ALSO READIndia August inflation seen at 5-month high on rising food costs Rising food prices push India's August retail inflation to five-month high India's retail inflation picks up for first time in four months India's June inflation slowest in more than five years India's 10-year bond yield at over 13-month high as inflation quickens
In its penultimate monetary policy review of the fiscal, the Reserve Bank of India (RBI) on Wednesday maintained status quo on key lending rates citing concerns over the rising trajectory of inflation. It retained the economic growth projection for the current fiscal.
The central bank said its repurchase rate, or the short-term lending rate for commercial banks, had been maintained at 6 per cent.
Consequently, the reverse repo rate remained at 5.75 per cent.
"Accordingly, the MPC (Monetary Policy Committee) decided to keep the policy repo rate on hold," the fifth bi-monthly monetary policy statement said.
"The decision of the MPC is consistent with a neutral stance of monetary policy in consonance with the objective of achieving the medium-term target for consumer price index (CPI) inflation of 4 per cent... while supporting growth," it added.
Official data last month showed that India's annual rate of inflation based on wholesale prices (wholesale price index) rose to 3.59 per cent in October due to an exponential rise in food prices.
In addition, the consumer price index (CPI), or retail, inflation for October rose to 3.58 per cent from 3.28 per cent in September.
The decision was taken by the six-member MPC headed by RBI Governor Urjit R. Patel. Five members of the panel voted in favour of maintaining the key lending rate.
At its two previous policy reviews, the central bank had kept its repo, or repurchase rate, unchanged at 6 per cent.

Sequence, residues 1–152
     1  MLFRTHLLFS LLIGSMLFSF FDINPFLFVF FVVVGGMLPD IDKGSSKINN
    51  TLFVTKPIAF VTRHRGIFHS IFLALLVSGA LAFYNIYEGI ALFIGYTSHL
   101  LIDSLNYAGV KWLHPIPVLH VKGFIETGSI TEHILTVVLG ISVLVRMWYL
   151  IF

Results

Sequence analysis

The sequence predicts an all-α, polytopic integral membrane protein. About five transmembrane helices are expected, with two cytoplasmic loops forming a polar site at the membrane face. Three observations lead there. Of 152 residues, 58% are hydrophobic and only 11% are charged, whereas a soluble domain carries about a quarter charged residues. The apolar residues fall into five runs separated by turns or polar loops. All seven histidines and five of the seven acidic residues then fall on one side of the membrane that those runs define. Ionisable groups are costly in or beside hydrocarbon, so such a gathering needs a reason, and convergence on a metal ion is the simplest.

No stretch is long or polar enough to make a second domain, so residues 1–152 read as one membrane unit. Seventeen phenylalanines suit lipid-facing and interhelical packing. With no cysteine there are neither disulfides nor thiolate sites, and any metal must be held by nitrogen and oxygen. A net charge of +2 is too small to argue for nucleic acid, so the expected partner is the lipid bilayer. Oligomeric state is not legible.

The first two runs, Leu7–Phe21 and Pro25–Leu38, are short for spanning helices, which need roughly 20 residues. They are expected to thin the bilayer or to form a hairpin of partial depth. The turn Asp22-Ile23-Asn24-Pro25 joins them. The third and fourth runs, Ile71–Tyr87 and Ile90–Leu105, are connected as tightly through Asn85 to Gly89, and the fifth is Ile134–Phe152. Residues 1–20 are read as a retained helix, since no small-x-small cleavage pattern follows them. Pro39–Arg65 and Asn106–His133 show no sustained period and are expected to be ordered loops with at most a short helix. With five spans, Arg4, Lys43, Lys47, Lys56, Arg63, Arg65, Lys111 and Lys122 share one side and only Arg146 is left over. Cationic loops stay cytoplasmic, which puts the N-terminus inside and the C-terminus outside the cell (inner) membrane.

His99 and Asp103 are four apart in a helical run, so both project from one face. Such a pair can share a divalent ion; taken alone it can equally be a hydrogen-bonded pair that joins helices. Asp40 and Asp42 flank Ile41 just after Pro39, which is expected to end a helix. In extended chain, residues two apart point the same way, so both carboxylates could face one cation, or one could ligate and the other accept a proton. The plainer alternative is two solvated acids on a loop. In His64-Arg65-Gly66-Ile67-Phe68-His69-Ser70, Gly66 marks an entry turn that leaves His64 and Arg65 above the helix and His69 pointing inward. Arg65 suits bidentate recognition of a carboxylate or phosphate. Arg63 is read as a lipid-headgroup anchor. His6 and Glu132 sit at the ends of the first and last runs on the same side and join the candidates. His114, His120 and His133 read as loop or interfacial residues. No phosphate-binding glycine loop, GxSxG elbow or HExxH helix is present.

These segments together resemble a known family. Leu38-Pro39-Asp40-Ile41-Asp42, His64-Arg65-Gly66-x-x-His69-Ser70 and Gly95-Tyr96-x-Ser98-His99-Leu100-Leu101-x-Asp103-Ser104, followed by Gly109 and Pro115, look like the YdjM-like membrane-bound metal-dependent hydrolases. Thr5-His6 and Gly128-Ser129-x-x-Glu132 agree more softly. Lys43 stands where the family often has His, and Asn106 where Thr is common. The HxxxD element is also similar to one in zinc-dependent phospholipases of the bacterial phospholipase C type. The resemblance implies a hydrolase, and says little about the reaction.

On the growth outlook, the RBI retained a real GVA (gross value added) growth, which includes taxes, for 2017-18 at 6.7 per cent, "with risks evenly balanced".
On the positive side, the RBI said there there had been some pick up in credit growth in recent months.
"Recapitalisation of public sector banks may help improve credit flows further," the policy statement said.
"In the MPC's assessment, capital raised from the primary capital market has increased significantly after several years of sluggish activity. As the capital raised is deployed to set up new projects, it will add to demand in the short run and boost the growth potential of the economy over the medium-term," it said.
At the media briefing following the announcement, RBI Governor Urjit Patel said he did not foresee any credit shortage that as demand grows and the economy picks up.
"Our latest data on bank credit shows we're on the uptick on credit growth. There is more credit flowing in than at the time of our last policy review in October," he said.
The Monetary Policy Committee also decided to continue with its neutral stance.
Elaborating on this, Patel said the macro data since October did not warrant a change in the RBI neutral outlook.
"Data flow will determine what we do on policy. All possibilities are open as we look at the inflation as well as growth data in the coming months."
However, the RBI's decision belied investors' expectations.
The two key indices -- S&P BSE Sensex and NSE Nifty50 -- traded deep in the red just minutes after the RBI came out with its fifth monetary policy review.
The BSE Sensex dropped by almost 200 points while the wider NSE Nifty50 fell by over 70 points.
Nearing the close of trade on Wednesday, the wider Nifty50 of the National Stock Exchange (NSE) fell by 71.15 points or 0.70 per cent to trade at 10,047.10 points.
(This story has not been edited by Business Standard staff and is auto-generated from a syndicated feed.)